There are few things more important than brand loyalty when it comes to the automotive industry. Competition among automakers, car rental companies, gas stations, and car insurance companies is nothing short of fierce. In addition, profit margins can sometimes be razor-thin, so companies need to do as much as they can with their marketing budget and effectively sway customers with a quality product.
Luckily for us consumers, research firm Brand Keys recently came out with its 17th annual loyalty rankings that examined 375 top brands across 54 categories -- including numerous automotive sectors. The score each company receives is known as the Customer Loyalty Engagement Index and encompasses a plethora of factors that allows these companies to be compared to one another.
Today, I want to look at Brand Keys' top selections in the auto sector and not only give credence to these companies for driving customer loyalty, but also discover what attributes they may possess that could make them excellent investments.
Brand Keys' results actually delivered a tie for first place between domestic auto giant Ford , and South Korea's Hyundai. I believe each company offers a unique perspective on why they're driving significant brand loyalty.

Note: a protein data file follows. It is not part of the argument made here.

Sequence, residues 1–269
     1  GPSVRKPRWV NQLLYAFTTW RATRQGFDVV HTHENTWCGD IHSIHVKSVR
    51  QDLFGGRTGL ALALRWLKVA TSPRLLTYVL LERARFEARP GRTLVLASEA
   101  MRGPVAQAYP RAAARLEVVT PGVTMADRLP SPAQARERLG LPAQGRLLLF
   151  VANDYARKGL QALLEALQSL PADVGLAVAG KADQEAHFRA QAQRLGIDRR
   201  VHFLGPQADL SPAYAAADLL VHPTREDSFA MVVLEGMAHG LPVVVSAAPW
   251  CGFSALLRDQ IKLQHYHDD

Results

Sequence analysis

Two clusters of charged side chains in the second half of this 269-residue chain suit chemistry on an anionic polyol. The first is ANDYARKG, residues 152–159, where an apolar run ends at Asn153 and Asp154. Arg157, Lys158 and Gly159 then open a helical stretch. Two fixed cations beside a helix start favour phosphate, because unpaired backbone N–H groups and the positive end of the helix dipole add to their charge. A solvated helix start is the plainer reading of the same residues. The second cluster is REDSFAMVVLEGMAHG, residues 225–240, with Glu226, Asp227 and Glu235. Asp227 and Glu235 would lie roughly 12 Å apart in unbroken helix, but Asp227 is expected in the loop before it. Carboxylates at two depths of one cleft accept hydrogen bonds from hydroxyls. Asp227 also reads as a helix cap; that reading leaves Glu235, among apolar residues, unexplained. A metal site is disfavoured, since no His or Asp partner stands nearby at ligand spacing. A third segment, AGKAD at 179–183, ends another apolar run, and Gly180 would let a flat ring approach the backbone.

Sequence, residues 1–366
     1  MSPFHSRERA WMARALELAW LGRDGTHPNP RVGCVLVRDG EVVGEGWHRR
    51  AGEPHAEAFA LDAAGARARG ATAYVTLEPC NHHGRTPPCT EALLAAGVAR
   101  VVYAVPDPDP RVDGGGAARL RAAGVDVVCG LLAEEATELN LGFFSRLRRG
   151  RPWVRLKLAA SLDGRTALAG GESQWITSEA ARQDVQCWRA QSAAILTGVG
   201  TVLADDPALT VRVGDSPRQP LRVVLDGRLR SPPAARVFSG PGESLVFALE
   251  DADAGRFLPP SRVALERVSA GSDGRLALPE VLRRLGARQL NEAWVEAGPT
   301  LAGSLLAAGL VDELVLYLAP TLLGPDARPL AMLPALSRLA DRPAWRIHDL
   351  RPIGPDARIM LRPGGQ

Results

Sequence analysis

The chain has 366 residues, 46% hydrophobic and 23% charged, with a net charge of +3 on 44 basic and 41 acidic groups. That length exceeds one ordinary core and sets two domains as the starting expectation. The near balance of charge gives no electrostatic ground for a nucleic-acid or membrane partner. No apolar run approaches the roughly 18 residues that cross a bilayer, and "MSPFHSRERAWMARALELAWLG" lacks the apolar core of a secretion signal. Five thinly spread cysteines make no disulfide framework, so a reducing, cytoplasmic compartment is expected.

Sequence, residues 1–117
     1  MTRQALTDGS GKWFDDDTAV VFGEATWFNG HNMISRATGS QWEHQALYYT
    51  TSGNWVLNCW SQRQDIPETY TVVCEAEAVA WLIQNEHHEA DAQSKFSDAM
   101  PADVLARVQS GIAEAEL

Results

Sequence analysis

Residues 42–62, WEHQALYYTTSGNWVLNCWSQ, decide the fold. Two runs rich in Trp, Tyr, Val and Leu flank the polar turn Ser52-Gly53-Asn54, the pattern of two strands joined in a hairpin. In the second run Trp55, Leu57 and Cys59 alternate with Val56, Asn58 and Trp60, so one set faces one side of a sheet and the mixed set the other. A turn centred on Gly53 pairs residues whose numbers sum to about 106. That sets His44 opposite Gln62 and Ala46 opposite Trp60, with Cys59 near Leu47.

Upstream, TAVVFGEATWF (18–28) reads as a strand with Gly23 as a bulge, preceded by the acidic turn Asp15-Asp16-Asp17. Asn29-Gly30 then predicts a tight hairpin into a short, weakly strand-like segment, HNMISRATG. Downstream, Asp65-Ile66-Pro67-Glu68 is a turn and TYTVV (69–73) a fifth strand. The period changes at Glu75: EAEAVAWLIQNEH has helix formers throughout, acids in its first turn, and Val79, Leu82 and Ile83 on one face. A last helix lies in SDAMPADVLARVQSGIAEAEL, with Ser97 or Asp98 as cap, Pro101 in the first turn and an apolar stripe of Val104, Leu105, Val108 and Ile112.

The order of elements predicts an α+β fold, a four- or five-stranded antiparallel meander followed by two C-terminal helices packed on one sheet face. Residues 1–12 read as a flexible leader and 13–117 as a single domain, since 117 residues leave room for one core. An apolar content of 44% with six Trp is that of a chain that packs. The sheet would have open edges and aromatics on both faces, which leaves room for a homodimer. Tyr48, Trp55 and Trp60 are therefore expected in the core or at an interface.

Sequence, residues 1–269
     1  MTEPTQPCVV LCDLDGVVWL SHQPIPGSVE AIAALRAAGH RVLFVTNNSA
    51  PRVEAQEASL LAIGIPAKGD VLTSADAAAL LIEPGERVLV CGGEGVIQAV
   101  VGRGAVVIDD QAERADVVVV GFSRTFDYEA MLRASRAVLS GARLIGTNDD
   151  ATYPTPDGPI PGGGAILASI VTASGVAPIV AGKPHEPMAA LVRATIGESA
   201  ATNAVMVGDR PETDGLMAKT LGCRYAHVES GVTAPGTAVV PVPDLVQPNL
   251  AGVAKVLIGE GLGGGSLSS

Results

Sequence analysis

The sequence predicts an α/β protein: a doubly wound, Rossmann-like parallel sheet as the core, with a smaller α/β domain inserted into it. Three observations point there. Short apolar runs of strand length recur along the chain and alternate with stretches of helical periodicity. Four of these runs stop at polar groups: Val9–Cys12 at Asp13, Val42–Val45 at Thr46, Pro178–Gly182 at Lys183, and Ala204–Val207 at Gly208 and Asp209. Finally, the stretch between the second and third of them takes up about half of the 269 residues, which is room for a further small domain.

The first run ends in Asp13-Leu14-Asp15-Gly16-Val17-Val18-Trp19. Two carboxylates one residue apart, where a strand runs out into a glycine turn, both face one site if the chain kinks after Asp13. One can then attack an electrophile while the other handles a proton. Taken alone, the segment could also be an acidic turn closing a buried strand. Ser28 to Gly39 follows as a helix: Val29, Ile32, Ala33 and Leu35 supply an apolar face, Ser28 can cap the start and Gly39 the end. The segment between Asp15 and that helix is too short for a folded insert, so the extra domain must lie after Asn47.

Source: Martin Mincer, Commons.wikimedia.org.
As I noted in my recent deeper dive into Ford, CEO Alan Mulally is driving significant growth and brand loyalty with its turbocharged, but fuel-efficient, EcoBoost engines, an emphasis on reviving the American muscle car with the iconic Mustang, and the added consistency of America's best-selling truck, the F-Series. Ford has also taken advantage of the brand damage caused to domestic rival General Motors' by its bankruptcy filing, and the fact that GM failed to make innovative changes to the Silverado or Sierra truck lines for nearly seven years.
Hyundai's success derives from its incredible price points and presumably one of the best warranties available. Clearly, no one wants to use their warranty, but the peace of mind that Hyundai gives customers has been enough to keep them coming back.
Sometimes the amount of advertising an insurance company kicks out isn't indicative of the loyalty it can generate from consumers. You might be of the opinion that loyalty and insurance are essentially oxymorons (and in some cases I'd agree), but no company has been better at capturing and hanging onto clients than privately held State Farm.
What's interesting here is that State Farm's advertising budget jumped dramatically in 2011, yet it's nowhere near as high as Berkshire Hathaway-owned GEICO, which spent just shy of $1 billion on advertising in the same year. Average spending on ads as a percentage of revenue in the insurance industry is 2.4% -- GEICO's was 6.5% in 2011.
State Farm's loyalty appears to originate from its dominant market share in the car insurance market. According to CarInsuranceCompanies.net, State Farm held 18.7% market share as of 2010, compared with just 8.5% for GEICO. I can't also help feeling that GEICO's aggressive advertising might also be bothersome to certain potential customers, further securing State Farm's position at No. 1.
There are a growing number of choices when it comes to car rentals, but Avis Budget Group has claimed the crown on Brand Keys' list for 13 consecutive years.